Utilizing cover crops and diversity isn’t just great for building soil health, it also serves to create a more resilient soil that can stand up against extreme weather conditions.
Nat Bradford is an heirloom vegetable farmer in Sumter County. Recently, Nat has transitioned to a more regenerative style of agriculture and talks with us about the effects thus far and his vision for the future.
Before we began our Cover 5 project last fall, we asked each farmer involved to show us their worst performing plot of land. After all, what better way to display the power of soil health than through taking land no one wants and transforming it into land that consistently out-produces the rest? … For those…
Restoring the land with cover crops one farmer at a time!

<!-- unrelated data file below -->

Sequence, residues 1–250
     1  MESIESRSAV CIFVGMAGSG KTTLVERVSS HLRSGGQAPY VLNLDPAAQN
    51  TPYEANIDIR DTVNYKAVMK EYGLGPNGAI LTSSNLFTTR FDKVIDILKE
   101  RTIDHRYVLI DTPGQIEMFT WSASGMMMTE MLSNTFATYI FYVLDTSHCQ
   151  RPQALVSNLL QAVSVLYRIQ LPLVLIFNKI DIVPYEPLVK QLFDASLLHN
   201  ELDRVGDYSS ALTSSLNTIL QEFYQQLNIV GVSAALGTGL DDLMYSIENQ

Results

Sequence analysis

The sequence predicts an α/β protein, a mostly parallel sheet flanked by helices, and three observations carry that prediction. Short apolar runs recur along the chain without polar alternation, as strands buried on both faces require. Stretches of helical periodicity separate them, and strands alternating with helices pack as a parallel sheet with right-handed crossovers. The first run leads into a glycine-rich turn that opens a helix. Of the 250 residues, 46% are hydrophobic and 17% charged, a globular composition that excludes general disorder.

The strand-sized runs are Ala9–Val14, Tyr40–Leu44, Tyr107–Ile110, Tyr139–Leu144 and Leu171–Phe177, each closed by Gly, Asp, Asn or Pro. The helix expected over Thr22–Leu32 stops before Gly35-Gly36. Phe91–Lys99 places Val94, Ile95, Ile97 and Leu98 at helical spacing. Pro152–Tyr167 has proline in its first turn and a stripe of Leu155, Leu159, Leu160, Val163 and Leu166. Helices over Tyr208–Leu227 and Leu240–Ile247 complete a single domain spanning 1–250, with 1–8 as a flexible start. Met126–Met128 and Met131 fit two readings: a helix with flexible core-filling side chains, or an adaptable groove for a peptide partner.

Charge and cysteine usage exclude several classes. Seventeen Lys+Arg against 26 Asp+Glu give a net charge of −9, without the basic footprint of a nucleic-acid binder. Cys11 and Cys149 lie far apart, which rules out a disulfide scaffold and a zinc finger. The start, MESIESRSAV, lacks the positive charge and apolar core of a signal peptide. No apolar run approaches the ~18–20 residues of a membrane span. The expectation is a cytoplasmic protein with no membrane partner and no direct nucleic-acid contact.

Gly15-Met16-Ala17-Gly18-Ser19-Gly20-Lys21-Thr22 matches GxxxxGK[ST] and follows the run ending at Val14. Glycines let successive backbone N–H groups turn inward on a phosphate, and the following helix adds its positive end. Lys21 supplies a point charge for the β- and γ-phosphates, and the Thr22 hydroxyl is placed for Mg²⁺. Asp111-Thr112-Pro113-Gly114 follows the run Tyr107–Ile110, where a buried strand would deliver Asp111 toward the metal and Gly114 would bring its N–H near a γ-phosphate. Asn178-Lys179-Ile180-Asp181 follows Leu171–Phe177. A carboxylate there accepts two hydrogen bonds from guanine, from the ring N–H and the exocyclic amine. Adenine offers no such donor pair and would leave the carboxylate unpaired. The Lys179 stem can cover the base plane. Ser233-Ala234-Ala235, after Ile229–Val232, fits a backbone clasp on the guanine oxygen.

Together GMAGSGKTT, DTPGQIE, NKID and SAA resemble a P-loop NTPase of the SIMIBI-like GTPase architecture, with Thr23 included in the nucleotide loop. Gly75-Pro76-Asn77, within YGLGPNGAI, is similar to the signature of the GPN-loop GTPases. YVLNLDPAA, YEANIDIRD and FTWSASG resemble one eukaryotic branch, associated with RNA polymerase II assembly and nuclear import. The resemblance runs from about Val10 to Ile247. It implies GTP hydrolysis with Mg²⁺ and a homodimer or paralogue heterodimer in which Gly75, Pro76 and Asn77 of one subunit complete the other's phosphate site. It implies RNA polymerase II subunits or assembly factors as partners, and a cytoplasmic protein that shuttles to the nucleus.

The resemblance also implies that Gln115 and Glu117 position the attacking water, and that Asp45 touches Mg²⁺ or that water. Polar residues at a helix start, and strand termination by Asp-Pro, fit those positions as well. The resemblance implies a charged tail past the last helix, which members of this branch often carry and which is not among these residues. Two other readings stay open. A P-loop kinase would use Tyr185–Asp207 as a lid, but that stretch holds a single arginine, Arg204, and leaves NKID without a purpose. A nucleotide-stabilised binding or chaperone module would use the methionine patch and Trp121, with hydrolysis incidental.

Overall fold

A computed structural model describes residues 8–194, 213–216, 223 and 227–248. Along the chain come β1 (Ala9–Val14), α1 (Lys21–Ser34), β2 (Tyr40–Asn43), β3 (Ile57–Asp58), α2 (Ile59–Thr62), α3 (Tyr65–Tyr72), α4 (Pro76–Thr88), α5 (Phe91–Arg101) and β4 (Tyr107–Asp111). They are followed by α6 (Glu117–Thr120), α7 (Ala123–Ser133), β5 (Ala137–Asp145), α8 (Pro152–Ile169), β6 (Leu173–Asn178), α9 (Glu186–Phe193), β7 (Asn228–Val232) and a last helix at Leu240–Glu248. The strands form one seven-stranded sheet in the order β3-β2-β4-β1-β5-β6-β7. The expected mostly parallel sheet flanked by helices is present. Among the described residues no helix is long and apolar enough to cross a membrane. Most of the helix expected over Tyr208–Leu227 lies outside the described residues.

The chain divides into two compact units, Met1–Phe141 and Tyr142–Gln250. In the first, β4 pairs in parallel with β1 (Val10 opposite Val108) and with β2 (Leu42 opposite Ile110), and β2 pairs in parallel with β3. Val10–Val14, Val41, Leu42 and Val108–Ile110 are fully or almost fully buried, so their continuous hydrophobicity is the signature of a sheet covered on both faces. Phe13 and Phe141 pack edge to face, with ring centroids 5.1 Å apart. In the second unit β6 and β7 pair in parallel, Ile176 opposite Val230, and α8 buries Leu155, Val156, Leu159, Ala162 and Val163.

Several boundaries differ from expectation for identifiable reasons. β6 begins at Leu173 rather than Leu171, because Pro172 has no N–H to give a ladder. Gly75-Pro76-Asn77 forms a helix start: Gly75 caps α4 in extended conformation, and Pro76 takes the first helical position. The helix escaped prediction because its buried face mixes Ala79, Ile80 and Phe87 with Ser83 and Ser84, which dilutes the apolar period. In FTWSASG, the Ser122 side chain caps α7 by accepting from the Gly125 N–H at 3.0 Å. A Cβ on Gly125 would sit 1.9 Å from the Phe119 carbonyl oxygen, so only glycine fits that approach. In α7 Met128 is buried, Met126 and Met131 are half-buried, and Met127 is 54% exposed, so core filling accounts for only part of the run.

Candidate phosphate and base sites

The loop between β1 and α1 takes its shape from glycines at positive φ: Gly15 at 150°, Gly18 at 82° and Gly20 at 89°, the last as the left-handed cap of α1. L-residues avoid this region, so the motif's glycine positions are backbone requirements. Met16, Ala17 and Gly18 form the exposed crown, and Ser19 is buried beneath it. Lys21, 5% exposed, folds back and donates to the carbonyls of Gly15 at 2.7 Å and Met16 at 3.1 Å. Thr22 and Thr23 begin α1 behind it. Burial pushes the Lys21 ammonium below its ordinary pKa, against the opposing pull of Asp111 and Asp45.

“I’ve seen a lot more cover crops in the area than I’ve ever seen.” Cover crops are a tool many farmers are turning to for it’s laundry list of benefits. Check out first time cover cropper Nathaniel Rhodes of Orangeburg County discuss his thoughts a couple of months into his first cover cropping experience!
“This time of year (May) you can plow a field up and in almost a day a lot of the moisture is evaporated. When you [use cover crops] the moisture content in the ground remains more constant because you’ve got cover as opposed to it being bare ground that dries out.”
It’s often thought that to add cover crops to an operation, a farmer needs fancy new equipment. In this video, Bryant Harrison shows us that that doesn’t have to be the case!
Soil health practices like cover crops and diversity are great tools for a farmer. But they don’t change the reality that farming is tough… and changing farming practices can make it feel even tougher! Luckily, there are several programs, free services and information that the NRCS (National Resource Conservation Service) offers to assist farmers. Have you gotten…